February 22, 2006

This is a letter I wrote to the author of this article at the San Francisco newspaper’s website.

Obesity isn’t an American problem, it’s becoming a more global problem by the day in the western nations, as I’m sure you’re aware of. I think the root cause of all of this isn’t what we’re eating, or how lazy we’re becoming, but mass confusion.

I’m 26 years old, part of this MTV generation that everyone talks about. I grew up having access to 30, 50, then 75+ channels to watch. Then there were all the sports activities, social groups, extra classes in junior high and high school, etc. The internet, cellphones, mainstream video games, and so on. What has happened to a lot of people my age is being overwhelmed with choice. Go talk to the students on campus and it wouldn’t surprise me at all if a strong majority of them aren’t even 50% sure of their career choice. They probably chose that field out of 5 other things they had strong interests in. We’re bombarded with images of who we should be, things we should do, books to read, knowledge and skills to know, that we’re not even sure of who we are anymore. This creates a mentality of being nervous and scared to get out there and do things, experiment, because X magazine said it was wrong, while Y magazine said it was okay, and Z magazine said we should absolutely do it. We don’t know which direction to turn, so we don’t go anywhere. We sit on the fork of the road and wait for the ultimate answer to appear.

I believe a lot of that nervousness is extending to the older generations too. There are so many fad diets (what happened to Atkins and South Beach already?), exercises (remember Tae-Bo, or Richard Simmons?), and lifestyle choices (Jeff Foxworthy saying it’s okay to be a redneck, Queer Eye saying you can’t even wear clothes you wore two years ago). Do we know we should be eating better? Sure, but which diet, recipes, websites to get advice from? Do we know we should be exercising? Absolutely, but how to afford expensive gym rates, or running shoes, or how much exercise, etc? I don’t know the solution to all that for my generation and up (a unified vision of lifestyle and health will be seen as an attack on the freedoms of the human mind, I’m sure), but for the younger generations, it’s stressing the importance of a healthy life. Cleaning up the cafeterias, putting emphasis on physical education and intramural sports, encouraging activity outside of classtime.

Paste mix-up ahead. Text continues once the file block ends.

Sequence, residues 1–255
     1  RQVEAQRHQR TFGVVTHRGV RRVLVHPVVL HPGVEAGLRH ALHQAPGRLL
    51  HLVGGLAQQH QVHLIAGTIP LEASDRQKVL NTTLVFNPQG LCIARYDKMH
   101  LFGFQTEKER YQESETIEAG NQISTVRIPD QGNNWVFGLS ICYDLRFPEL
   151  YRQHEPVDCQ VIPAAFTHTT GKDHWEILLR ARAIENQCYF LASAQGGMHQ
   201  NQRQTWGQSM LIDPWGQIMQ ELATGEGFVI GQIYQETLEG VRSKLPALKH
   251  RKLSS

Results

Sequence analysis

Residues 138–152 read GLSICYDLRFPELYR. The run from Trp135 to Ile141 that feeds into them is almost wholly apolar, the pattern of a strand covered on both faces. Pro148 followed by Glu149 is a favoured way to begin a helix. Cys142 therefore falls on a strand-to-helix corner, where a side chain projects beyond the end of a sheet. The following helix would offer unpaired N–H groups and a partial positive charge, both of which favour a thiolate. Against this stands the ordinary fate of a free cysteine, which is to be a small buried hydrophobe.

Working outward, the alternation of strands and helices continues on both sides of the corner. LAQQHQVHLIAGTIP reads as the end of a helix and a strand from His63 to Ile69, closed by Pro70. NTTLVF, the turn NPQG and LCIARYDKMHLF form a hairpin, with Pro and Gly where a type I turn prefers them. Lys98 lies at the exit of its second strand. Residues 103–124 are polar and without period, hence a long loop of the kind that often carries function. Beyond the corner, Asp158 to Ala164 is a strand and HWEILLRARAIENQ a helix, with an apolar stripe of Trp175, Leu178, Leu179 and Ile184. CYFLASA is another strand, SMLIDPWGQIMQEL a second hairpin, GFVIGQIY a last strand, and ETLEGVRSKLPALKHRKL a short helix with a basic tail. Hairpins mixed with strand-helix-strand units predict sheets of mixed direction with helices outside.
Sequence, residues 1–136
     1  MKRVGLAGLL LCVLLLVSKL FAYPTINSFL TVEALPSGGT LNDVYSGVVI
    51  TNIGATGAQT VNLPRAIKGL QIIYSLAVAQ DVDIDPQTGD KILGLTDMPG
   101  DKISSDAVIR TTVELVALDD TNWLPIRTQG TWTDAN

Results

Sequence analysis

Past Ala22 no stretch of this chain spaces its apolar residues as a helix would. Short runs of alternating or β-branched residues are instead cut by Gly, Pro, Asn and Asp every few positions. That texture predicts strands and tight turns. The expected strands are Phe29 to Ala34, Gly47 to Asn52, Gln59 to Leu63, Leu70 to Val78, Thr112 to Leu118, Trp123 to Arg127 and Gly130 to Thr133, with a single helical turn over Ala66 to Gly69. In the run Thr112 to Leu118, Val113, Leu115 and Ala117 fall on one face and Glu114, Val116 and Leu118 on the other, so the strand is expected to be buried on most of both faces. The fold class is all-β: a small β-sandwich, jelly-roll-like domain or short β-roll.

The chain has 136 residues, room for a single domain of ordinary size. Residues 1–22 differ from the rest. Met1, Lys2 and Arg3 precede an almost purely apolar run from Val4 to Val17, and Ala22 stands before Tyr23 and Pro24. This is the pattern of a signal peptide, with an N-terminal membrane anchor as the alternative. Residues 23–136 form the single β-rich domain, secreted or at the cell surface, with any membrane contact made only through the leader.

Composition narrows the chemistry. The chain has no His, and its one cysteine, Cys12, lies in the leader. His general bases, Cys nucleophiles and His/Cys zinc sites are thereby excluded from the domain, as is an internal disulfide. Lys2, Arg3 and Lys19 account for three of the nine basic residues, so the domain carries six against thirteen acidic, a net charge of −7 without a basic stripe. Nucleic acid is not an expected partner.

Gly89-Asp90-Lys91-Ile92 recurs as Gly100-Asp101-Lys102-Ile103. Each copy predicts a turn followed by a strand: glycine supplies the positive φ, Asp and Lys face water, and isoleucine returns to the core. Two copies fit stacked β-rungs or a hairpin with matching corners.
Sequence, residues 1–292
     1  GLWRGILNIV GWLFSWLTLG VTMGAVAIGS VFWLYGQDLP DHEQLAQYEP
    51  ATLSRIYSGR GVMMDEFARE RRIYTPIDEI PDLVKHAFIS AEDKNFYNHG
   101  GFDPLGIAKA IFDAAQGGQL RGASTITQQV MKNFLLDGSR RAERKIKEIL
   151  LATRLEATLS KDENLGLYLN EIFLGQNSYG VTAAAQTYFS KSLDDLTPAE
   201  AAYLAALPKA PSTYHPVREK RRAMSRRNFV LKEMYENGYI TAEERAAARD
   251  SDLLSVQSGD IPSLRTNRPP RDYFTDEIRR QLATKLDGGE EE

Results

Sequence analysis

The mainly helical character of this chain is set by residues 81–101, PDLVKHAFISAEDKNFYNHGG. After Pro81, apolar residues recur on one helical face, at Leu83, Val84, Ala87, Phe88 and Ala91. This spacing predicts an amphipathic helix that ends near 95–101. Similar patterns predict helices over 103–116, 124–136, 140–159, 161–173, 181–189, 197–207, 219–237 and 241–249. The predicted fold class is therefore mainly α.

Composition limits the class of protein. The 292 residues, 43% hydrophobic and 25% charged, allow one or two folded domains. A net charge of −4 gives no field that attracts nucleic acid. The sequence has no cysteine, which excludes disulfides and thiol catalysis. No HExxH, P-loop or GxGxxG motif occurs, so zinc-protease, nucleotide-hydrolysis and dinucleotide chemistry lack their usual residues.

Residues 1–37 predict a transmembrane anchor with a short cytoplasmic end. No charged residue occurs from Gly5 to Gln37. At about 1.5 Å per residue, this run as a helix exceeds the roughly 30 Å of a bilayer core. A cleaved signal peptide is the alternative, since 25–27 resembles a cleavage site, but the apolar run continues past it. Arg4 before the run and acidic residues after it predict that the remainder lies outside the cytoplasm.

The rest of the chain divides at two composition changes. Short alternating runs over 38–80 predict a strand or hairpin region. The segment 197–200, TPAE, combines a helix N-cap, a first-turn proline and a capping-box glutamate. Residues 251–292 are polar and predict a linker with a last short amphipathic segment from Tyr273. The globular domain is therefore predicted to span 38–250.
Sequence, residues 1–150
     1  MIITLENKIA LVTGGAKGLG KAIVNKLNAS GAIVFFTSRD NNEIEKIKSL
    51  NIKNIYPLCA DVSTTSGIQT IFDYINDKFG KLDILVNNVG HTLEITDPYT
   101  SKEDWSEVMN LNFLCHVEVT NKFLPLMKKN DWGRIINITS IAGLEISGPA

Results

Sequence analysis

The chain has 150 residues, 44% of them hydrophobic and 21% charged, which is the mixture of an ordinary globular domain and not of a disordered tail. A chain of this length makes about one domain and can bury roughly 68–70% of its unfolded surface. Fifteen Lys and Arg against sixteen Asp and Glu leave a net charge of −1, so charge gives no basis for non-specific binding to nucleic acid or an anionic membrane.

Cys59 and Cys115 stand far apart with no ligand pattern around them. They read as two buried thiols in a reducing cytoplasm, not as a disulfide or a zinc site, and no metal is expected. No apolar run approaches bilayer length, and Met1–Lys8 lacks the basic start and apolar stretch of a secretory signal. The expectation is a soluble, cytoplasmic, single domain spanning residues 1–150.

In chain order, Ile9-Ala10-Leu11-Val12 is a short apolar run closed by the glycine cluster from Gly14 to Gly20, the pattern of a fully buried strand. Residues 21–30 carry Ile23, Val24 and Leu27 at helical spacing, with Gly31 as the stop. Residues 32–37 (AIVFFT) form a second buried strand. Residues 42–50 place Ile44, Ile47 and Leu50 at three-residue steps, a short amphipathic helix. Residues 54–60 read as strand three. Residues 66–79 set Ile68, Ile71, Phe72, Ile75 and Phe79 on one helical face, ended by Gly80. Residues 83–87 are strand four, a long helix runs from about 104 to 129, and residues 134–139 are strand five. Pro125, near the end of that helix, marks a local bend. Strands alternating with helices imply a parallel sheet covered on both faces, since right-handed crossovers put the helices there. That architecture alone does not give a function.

There’s a more morbid way of looking at this though. If we treat obesity and laziness as a disease, then it’s the great equalizing force to the human advancement in medicine. It’s population control. If the baby boomers who were thin in their 20s are bloating up and dying younger than their parents, just imagine what’s going to happen to these kids who are obese at 10 growing up. They’ll have fertility problems and won’t live as long, while the healthier kids push forward. Natural selection at its cruelest.

But that’s just my opinion.

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